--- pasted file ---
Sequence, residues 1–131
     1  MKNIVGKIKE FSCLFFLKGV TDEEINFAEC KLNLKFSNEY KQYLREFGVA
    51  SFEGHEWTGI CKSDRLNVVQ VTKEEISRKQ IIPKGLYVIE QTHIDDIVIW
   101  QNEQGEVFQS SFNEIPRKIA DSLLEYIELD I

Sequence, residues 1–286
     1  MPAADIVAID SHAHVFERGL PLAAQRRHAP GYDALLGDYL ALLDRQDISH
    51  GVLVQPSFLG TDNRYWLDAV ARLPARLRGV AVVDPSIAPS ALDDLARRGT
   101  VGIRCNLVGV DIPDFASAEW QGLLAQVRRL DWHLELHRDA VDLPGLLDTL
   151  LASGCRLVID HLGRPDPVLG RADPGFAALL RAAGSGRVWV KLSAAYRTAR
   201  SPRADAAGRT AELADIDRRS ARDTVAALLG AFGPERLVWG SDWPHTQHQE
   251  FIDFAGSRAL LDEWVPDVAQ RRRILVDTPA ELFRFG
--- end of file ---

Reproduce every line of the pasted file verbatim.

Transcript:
Sequence, residues 1–131
     1  MKNIVGKIKE FSCLFFLKGV TDEEINFAEC KLNLKFSNEY KQYLREFGVA
    51  SFEGHEWTGI CKSDRLNVVQ VTKEEISRKQ IIPKGLYVIE QTHIDDIVIW
   101  QNEQGEVFQS SFNEIPRKIA DSLLEYIELD I

Sequence, residues 1–286
     1  MPAADIVAID SHAHVFERGL PLAAQRRHAP GYDALLGDYL ALLDRQDISH
    51  GVLVQPSFLG TDNRYWLDAV ARLPARLRGV AVVDPSIAPS ALDDLARRGT
   101  VGIRCNLVGV DIPDFASAEW QGLLAQVRRL DWHLELHRDA VDLPGLLDTL
   151  LASGCRLVID HLGRPDPVLG RADPGFAALL RAAGSGRVWV KLSAAYRTAR
   201  SPRADAAGRT AELADIDRRS ARDTVAALLG AFGPERLVWG SDWPHTQHQE
   251  FIDFAGSRAL LDEWVPDVAQ RRRILVDTPA ELFRFG